There’s an excellent series of articles in the FT this week under the heading of New Britain. Yesterday’s piece focused on the Tees Valley of the North East, and the Thames Valley in the south. Middlesbrough and Slough in fact. The stats they have compiled show two quite separate economic realities: one flexible and outward looking, the other inward looking and experiencing negative growth. Perhaps more worryingly (see graph), the wealth creation capacity of the poorest in society has dropped slowly but steadily since Labour took over in 1997.
Statistics compiled by the FT reveal a dramatic divergence in fortunes between regions. In 2003, the last year for which detailed figures are available, gross value added per head – the best measure of economic performance – was £11,100 ($20,840, €16,440) in south Teesside. In Berkshire, the county that includes the borough of Windsor and Maidenhead, it was £26,500.
In the past nine years, Berkshire has soared ahead, growing by 35 per cent in real terms. In south Teesside, growth has gone into reverse, falling 0.5 per cent.
The example cannot be dismissed as extreme: regional disparities have grown in all parts of the UK since 1997. The Financial Times has calculated that the poorest 20 per cent of Britain, measured by a region’s average value added per head, was responsible for 14 per cent of national economic output in 1997. By 2003, the equivalent areas contributed only 13.3 per cent. Meanwhile rich areas became significantly richer: the 20 per cent of Britons living in the most prosperous areas contributed 30.2 per cent of the economy in 1997 and 31.9 per cent in 2003.
However, these trends predate by some the ascent of Labour into office:
Where globalisation has ripped the old heart out of the Tees Valley economy, it has powered a 15-year boom for the Thames Valley. Windsor and Maidenhead’s location – close to Heathrow, an hour’s drive from central London – have proved a powerful lure for international companies. In the past 15 years, CA (formerly known as Computer Associates), Nortel, Hitachi and Hutchison 3G have located their European headquarters in the borough.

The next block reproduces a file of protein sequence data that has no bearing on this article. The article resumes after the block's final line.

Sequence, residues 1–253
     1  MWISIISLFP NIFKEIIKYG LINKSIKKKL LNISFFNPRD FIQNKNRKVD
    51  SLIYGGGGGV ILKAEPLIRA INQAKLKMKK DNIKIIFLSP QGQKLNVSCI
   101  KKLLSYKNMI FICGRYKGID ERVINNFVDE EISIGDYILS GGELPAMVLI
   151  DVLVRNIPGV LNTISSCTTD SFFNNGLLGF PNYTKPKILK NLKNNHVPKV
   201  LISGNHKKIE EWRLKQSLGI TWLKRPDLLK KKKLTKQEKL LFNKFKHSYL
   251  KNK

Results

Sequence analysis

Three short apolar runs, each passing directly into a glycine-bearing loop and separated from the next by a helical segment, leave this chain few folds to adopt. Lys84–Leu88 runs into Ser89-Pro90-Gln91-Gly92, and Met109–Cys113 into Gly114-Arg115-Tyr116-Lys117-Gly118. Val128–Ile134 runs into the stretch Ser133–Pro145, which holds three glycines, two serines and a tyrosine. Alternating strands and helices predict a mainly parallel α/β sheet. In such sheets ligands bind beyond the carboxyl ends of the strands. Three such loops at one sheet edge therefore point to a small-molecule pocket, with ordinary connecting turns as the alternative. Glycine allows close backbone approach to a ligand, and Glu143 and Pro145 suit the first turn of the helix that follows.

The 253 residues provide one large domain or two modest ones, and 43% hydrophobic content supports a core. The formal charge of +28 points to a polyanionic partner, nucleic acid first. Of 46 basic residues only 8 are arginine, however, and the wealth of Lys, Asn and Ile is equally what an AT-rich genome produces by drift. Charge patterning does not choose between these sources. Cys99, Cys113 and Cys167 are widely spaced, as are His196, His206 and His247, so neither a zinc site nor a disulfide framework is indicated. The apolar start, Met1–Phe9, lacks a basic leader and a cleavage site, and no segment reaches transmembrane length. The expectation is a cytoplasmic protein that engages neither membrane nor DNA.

The neighbouring town of Slough boasts more European headquarters than Scotland, Wales and Northern Ireland together [my italics]. The wider Thames Valley region is home to a host of companies including Vodafone, Oracle, Microsoft, Cisco, Dell and Siemens. Even though many of these global companies have faced hard times in recent years, those who lost their jobs have seldom found themselves out of work for long, their skills in ready demand at other companies in the region.
The key is not simply in attracting large scale investment. Giles argues that there is a passivity in Teeside, that has its routes in the idea that large industrial concerns should supply large numbers of well paid jobs to the local population.
Part of the reason seems to lie in a less tangible difference in regional psyches that predisposes one valley to success and the other to failure. Talk to anyone involved in running, supporting or researching companies in the Tees Valley and you sense what Ray Hudson, a professor at Durham University who has studied the area for 30 years, calls a “pervasive way of thought” that only large companies offer security.
Last year the number of VAT-registered companies per 10,000 population – considered the best gauge of entrepreneurialism – stood at 166 in Middlesbrough compared with 641 in Windsor and Maidenhead. Moreover, the handful of start-up companies that exist in the Tees Valley tend to be in low-value added sectors, predominantly car repair operations and beauty salons, which will never expand to serve a regional – let alone national – market, according to David Storey, a Warwick University professor.
In the offices of Bob Little & Co, a rare Tees Valley success story, Kath Taylor complains: “Success here isn’t measured by you as an individual but by your position in a large company.” She is seeking central government funds to promote enterprise in schools, aware that the absence of a risk culture is holding the Tees Valley back.
I’ve requested that VAT Registered figure for Northern Ireland from Invest Northern Ireland to see where we sit on the scale.
Mick is founding editor of Slugger. He has written papers on the impacts of the Internet on politics and the wider media and is a regular guest and speaking events across Ireland, the UK and Europe. Twitter: @MickFealty